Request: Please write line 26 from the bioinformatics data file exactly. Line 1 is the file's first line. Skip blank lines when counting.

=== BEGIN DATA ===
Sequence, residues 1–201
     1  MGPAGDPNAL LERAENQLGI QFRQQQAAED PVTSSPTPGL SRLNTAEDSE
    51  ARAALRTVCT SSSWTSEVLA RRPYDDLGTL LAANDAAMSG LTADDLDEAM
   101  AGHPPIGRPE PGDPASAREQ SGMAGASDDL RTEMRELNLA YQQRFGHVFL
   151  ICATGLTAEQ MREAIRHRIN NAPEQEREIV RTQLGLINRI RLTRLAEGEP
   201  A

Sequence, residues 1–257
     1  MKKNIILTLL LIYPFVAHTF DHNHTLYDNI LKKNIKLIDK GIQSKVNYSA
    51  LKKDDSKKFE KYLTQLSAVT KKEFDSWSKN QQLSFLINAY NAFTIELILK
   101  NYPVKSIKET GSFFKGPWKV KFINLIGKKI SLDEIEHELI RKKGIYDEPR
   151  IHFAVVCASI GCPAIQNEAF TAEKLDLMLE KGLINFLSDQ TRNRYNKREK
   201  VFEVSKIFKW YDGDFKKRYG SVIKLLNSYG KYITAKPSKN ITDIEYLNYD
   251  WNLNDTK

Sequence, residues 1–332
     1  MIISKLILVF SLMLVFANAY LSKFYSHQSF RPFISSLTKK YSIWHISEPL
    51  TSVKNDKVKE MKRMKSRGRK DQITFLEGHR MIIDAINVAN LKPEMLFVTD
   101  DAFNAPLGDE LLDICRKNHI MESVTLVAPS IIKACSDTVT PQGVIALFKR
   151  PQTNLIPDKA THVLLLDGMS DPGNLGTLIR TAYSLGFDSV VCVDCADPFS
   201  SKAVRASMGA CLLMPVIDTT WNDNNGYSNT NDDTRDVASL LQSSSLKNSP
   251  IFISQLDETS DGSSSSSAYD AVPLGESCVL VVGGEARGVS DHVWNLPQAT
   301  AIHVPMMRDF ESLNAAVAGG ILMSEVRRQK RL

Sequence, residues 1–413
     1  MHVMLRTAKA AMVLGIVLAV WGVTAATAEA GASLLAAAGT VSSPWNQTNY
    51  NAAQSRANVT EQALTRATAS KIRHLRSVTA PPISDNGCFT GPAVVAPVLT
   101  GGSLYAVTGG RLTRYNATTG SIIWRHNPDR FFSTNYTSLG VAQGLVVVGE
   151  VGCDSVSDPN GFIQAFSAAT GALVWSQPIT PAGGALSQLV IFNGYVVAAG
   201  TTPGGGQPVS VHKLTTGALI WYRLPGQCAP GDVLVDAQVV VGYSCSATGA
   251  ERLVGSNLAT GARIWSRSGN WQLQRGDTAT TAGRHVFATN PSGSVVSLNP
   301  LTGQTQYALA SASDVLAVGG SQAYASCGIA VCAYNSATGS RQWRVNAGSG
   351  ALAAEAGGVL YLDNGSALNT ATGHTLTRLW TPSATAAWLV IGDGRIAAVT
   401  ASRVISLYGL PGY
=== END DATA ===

   151  VGCDSVSDPN GFIQAFSAAT GALVWSQPIT PAGGALSQLV IFNGYVVAAG